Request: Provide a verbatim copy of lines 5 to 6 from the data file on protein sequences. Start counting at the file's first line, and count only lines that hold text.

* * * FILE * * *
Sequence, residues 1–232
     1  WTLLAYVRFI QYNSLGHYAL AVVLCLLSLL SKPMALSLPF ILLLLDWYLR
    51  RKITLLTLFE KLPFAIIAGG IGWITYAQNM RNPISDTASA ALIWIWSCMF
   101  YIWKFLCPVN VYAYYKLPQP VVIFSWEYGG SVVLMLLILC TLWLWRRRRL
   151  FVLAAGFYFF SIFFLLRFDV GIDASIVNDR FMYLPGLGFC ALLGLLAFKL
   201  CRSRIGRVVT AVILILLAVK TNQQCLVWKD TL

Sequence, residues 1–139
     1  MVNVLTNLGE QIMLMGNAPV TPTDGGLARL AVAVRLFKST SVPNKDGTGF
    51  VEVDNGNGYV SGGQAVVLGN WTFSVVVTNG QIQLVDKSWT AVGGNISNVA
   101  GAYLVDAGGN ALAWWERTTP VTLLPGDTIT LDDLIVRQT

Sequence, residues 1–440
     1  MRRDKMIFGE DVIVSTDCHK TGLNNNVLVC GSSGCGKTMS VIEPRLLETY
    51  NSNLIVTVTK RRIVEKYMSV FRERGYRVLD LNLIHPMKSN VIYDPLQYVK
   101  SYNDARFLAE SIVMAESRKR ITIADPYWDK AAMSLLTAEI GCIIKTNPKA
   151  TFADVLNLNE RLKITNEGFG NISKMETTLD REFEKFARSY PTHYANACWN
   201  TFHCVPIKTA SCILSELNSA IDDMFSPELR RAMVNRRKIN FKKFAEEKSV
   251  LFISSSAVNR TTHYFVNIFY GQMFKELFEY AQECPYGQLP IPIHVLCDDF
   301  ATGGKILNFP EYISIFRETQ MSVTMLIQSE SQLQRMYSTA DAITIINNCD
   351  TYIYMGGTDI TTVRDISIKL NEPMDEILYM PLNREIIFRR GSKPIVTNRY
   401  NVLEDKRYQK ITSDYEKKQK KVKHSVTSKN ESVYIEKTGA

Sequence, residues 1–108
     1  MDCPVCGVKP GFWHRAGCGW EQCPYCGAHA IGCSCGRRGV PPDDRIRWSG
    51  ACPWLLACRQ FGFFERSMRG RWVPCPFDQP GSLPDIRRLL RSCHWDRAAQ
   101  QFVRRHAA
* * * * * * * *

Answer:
   151  FVLAAGFYFF SIFFLLRFDV GIDASIVNDR FMYLPGLGFC ALLGLLAFKL
   201  CRSRIGRVVT AVILILLAVK TNQQCLVWKD TL